In this post, we will learn about the epsilon-delta definition of continuity with solved examples. To learn this, let us first recall the definition of continuity.

**Definition of Continuity:**

A real-valued function f(x) is said to be continuous at a point x=a in the domain of f(x) if the following condition is satisfied:

$\lim\limits_{x \to a} f(x)=f(a)$.

## Epsilon Delta Definition of Continuity

A real-valued function f(x) is said to be continuous at x=a if we have the following: For every ε>0, there exists a δ>0 such that

|f(x)-f(a)| < ε whenever 0<|x-a|<δ

holds true.

Let us understand the above ε-δ definition with the help of an example.

**Example:** By the epsilon-delta method, show that $f(x)=x^2 $ is continuous at x=a.

*Solution:*

To show $f(x)=x^2$ is continuous at $x=a$, we need to show the following. For a given positive number ε>0, we need to find a δ>0 such that

$|f(x)-f(a)| < \epsilon$ whenever 0<|x-0|<δ …(I)

that is,

$|x^2-a^2|< \epsilon$ whenever 0<|x-0|<δ …(II)

Choose δ = $\dfrac{\epsilon}{x+a}$. Then we have δ>0. Now, for 0< |x-a| < δ = $\dfrac{\epsilon}{x+a}$ we get that

|(x-a)(x+a)| < |x+a| $\times \dfrac{\epsilon}{x+a}$

$\Rightarrow |x^2-a^2| < \epsilon$ using the formula $(a-b)(a+b)=a^2-b^2$.

Thus we have shown that $|f(x)-f(a)| < \epsilon$ whenever 0 < |x-a| < δ = $\dfrac{\epsilon}{x+a}$. In other words, Equation (I) is true. Hence by epsilon-delta definition of limit, we can conclude that the function $f(x)=x^2$ is continuous at the point $x=a$.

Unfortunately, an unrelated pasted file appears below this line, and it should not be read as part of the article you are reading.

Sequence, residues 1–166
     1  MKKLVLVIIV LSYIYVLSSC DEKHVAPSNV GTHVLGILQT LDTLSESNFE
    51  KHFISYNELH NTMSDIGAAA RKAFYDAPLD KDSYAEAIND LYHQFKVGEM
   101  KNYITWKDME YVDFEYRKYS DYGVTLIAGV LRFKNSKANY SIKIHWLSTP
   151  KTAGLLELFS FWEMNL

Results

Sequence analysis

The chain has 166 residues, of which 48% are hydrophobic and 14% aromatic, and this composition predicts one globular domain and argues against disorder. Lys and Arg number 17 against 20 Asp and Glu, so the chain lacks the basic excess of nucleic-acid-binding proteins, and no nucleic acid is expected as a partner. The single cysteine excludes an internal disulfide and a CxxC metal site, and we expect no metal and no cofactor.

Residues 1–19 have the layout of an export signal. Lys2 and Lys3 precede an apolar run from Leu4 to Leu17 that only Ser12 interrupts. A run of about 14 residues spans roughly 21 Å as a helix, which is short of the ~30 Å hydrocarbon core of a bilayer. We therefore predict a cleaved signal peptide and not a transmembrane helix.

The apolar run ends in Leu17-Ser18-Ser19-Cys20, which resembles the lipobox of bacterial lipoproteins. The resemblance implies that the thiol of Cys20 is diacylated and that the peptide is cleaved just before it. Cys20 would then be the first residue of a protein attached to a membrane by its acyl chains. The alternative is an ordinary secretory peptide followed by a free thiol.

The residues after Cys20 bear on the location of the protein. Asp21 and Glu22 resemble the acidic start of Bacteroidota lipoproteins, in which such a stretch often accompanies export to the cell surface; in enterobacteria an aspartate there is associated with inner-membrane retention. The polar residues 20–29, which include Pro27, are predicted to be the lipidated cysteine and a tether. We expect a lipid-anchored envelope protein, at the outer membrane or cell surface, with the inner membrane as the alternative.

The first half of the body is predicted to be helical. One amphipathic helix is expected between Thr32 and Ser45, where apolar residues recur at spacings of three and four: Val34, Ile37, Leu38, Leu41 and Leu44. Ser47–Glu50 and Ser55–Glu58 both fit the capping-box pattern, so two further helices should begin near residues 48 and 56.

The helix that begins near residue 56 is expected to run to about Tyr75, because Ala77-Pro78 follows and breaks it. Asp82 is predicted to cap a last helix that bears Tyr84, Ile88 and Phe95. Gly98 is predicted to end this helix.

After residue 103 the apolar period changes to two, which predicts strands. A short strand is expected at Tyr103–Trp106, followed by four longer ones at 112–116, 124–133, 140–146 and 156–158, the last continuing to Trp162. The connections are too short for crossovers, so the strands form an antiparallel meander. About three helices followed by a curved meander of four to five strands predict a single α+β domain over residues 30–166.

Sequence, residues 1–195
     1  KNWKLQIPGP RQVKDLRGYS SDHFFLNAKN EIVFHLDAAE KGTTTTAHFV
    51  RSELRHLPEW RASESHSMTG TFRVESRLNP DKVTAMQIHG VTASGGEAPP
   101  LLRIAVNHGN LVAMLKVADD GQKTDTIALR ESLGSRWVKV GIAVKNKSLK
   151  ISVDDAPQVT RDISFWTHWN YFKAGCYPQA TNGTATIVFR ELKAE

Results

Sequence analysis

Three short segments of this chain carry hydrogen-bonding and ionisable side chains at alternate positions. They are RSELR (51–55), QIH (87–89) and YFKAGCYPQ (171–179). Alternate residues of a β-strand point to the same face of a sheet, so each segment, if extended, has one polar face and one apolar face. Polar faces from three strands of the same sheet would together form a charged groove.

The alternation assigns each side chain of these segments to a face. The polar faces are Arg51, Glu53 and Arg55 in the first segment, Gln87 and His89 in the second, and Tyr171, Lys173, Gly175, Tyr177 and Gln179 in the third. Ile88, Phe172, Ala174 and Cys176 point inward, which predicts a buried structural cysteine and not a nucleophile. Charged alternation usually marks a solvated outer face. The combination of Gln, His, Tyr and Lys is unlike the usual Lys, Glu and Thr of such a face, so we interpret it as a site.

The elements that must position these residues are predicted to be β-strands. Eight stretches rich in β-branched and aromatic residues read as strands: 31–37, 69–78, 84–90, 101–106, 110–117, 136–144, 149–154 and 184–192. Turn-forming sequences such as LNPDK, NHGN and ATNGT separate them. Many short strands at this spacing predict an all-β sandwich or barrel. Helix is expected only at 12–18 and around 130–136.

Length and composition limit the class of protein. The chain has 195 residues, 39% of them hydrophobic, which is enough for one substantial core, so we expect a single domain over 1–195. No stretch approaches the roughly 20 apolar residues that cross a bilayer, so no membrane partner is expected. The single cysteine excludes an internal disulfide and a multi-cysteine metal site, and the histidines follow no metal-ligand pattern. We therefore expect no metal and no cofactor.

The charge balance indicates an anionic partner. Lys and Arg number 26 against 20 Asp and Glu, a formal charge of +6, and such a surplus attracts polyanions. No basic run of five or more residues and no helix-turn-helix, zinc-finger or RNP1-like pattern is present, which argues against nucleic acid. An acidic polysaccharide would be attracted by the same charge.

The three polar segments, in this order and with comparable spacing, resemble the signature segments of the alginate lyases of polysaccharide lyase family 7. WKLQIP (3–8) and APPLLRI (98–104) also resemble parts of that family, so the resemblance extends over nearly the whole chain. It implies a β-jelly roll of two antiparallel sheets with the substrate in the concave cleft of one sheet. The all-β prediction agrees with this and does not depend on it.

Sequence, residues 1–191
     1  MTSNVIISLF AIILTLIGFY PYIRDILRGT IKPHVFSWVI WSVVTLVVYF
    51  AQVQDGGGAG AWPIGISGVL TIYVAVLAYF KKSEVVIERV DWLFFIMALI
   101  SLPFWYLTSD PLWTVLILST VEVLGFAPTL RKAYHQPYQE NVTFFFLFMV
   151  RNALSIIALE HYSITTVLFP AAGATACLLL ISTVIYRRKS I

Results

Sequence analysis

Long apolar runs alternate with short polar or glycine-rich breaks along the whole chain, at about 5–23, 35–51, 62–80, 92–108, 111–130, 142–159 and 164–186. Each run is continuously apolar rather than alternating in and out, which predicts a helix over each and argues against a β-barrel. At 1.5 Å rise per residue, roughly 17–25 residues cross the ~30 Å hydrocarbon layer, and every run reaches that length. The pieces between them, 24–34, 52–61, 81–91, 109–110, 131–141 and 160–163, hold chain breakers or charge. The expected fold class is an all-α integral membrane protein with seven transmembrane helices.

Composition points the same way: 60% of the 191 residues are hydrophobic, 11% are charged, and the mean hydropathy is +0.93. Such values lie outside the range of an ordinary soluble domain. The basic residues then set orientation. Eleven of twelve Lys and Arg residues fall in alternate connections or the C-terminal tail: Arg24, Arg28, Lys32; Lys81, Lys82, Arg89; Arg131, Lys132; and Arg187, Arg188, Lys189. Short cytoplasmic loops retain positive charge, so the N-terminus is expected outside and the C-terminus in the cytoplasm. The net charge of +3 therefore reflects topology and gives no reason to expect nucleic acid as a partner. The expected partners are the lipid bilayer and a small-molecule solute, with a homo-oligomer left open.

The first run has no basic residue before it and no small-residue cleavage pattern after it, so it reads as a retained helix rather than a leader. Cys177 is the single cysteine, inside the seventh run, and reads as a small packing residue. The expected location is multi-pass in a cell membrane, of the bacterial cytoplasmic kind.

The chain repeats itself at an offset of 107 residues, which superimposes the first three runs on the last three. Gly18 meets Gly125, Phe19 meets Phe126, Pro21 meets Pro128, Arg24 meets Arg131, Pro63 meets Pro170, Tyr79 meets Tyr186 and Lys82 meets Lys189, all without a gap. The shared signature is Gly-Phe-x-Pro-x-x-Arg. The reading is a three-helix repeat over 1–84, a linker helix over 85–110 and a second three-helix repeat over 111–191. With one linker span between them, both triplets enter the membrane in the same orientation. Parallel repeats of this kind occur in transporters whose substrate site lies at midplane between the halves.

**Note** that the function $f(x)=x^2$ is continuous everywhere.

**Also Read:**

**Epsilon Delta definition of limit**

We will now give the negative statement of the epsilon-delta definition of limit.

## Epsilon Delta Definition of Discontinuity

**Negation of Epsilon Delta Definition of Continuity:** Let f(x) be a continuous function at x=a, that is, $\lim\limits_{x \to a}$ f(x) = f(a)$. The negation of the epsilon-delta definition of continuity is given as follows:

f(x) does not tend to f(a) when x→a then it is not true that for every ε>0, there exists a δ>0 such that

|f(x)-f(a)| < ε, whenever 0<|x-a|<δ.

**That is,** if f(x) does not tend to L when x→a, then there exists some ε>0 such that for every δ>0 there exists some point x in the set {x : 0<|x-a|<δ} such that

|f(x)-f(a)| ≥ ε.

## FAQs

**Q1: Show that f(x)=x is using ε-δ method.**

Answer: Choosing ε=δ in the definition of ε-δ method of continuity, one can easily show that f(x)=x is continuous.